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Monday, October 20, 2014

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Teen to cycle to NYC for Alzheimer’s research

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Benji Pister will be cycling from Toronto to New York on Aug. 19 to raise money for Alzheimer’s research.

For most people, just the drive from Toronto to New York would be an exhausting trip, but 19-year-old Benji Pister will be making the 800-kilometre journey by bicycle next month. It will take him six days.

Pister, who has just finished his first year of life sciences at McMaster University, will be making the bike tour in memory of his late grandfather, Paul. His goal is to raise awareness and money to find a cure for Alzheimer’s disease. His grandfather suffered from Alzheimer’s before his death four years ago.

“My grandfather was a very unique person. He was always happy, and he loved every single grandchild that he had,” said Pister, who has named the trek the Paul Pister Ride for Alzheimer’s Research.

As Pister’s grandfather became more affected by Alzheimer’s, which is usually marked by deterioration in memory, emotional health and cognitive skills, the family had to deal with the pain of his worsening mental state.

“It really was heartbreaking,” Pister said. “It definitely affected me a lot.”

Despite the fact that Alzheimer’s disease affects many elderly people, funding for research is not nearly as abundant as it is for other causes, such as cancer research. Pister is determined to help change that.

“What I want to get out of this is just to motivate others to do more fundraising for Alzheimer’s, and really, the end goal is to find a cure,” he said. So far, he has raised about $2,500 for the Alzheimer Society’s research program, exceeding his initial goal of $2,000.

“The donations kept coming in,” Pister said, adding that after a slow start, friends and family began spreading the word of his upcoming bike journey and people have been eager to help.

Pister began taking a serious interest in cycling when he was about 15 years old. Last year, he rode in the 100-kilometre Zareinu Moveathon to raise money for children with physical and developmental disabilities.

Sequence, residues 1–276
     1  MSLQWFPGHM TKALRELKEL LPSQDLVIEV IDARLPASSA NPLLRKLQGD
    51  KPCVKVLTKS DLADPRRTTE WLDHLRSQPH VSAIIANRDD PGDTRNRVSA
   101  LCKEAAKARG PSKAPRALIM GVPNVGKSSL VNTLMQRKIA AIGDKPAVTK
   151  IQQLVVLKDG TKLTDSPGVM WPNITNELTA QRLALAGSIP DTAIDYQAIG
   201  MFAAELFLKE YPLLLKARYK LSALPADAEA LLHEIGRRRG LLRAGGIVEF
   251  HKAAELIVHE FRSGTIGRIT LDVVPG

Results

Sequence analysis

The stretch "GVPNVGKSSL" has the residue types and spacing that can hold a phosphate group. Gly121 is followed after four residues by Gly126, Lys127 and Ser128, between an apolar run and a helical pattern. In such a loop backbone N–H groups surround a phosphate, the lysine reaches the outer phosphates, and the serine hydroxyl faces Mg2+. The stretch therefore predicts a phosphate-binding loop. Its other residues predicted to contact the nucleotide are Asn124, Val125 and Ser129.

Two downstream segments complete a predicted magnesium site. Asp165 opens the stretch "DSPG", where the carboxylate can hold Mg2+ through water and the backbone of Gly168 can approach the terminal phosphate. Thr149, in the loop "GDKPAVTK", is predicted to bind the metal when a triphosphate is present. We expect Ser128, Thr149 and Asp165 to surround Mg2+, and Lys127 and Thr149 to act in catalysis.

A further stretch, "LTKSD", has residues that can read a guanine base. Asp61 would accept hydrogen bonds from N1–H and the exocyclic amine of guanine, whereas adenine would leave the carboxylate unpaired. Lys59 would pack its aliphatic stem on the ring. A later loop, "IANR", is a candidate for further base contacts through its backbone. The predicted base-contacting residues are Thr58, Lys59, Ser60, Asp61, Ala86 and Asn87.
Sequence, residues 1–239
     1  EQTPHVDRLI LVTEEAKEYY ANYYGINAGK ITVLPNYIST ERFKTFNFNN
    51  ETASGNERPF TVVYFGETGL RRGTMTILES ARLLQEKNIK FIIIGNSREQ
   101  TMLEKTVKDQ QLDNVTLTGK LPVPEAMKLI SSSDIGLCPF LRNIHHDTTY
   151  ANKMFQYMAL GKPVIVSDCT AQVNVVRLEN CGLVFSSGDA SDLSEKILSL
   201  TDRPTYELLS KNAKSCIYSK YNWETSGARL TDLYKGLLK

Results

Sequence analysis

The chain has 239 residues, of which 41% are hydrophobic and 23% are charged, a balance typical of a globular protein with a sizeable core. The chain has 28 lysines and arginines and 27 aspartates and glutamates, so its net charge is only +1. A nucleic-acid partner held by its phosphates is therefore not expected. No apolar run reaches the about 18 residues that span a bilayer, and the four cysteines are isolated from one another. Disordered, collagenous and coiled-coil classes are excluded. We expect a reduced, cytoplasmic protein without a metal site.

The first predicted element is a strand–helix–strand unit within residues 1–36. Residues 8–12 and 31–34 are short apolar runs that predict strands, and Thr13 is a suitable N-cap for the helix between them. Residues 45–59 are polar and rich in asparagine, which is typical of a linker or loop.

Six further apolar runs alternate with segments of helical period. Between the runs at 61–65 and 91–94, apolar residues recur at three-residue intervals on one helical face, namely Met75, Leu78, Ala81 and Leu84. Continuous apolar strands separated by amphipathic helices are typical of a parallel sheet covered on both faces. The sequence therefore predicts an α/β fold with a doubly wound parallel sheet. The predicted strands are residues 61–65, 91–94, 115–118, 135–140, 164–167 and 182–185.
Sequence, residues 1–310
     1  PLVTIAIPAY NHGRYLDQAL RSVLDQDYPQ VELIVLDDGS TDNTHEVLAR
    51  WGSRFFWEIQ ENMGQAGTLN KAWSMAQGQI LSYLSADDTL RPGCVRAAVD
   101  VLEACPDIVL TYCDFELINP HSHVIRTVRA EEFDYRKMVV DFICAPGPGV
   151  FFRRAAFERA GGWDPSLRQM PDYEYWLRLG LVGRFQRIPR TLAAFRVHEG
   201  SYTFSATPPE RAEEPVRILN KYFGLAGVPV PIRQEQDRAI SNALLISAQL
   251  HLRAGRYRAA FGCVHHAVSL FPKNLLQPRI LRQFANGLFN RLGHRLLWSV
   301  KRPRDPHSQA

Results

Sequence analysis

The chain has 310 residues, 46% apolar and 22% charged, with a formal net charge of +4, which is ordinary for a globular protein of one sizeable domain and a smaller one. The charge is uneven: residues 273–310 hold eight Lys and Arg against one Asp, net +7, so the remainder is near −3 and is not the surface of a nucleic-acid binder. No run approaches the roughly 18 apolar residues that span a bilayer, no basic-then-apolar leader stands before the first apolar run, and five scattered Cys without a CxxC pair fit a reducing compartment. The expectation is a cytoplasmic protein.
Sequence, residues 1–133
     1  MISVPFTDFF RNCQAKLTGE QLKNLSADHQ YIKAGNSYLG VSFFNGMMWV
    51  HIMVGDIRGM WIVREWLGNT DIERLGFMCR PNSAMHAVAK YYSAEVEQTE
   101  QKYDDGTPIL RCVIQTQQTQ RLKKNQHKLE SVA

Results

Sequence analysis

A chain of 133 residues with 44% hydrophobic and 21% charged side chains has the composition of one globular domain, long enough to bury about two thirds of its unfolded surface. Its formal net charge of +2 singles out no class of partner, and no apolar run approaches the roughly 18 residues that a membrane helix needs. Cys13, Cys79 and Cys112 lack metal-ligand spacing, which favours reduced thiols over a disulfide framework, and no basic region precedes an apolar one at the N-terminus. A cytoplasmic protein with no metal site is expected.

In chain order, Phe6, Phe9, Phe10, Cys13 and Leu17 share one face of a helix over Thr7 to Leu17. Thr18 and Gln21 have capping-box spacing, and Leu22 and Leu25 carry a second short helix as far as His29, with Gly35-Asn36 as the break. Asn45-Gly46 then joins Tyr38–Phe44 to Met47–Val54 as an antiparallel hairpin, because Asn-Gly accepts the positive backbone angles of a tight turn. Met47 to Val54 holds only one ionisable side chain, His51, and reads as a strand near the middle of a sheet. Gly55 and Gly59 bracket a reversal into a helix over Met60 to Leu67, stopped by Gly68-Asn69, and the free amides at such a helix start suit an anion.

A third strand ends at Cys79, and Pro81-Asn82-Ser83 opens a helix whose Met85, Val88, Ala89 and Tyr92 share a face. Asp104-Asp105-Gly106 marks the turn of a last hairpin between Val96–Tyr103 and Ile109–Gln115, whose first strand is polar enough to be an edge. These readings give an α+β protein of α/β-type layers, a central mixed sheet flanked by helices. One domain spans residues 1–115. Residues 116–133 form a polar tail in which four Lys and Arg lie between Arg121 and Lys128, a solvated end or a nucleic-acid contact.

Since making the decision to do a ride to New York about a year ago, Pister has been training to become a stronger cyclist. “I’ve been doing some major rides,” he said. In addition to training on a stationary bike and working on his strength at the gym, he bikes to Hamilton and back each week to take a summer course at McMaster.

Pister has also altered his diet to include more protein and carbohydrates. He has virtually cut out junk food, finding that it slows him down in training.

It’s important for Pister to focus on preparation, as the ride to New York will have him riding some 150 kilometres a day, he said.

Because Pister’s own bike is not suitable for the intense ride, he will be using an aluminum road bike for the trip, lent to him by his friend Benjy Wexler. “Without that bike, I wouldn’t be able to do what I’m doing now,” he said.

Pister’s father will be following him in a van, along with a friend who will be making a video documentary about the ride. The team plans to stop each night to rest and to make one stop each day until reaching New York.

Part of the reason for choosing the destination, Pister said, is because New York was one of his grandfather’s favourite cities.

Although the training has been tough, and Pister will have a long road ahead of him when he begins the ride on Aug. 19, he is motivated by the importance of the cause. “I want people to take away that a disease like this can’t be neglected,” he said.

Pister hopes to make the ride an annual event so he can continue to raise money for the cause. “The training has been going great and the fundraising has been going great,” he said. “I’m looking forward to the ride.”

For more information go to http://tinyurl.com/ridetonyc

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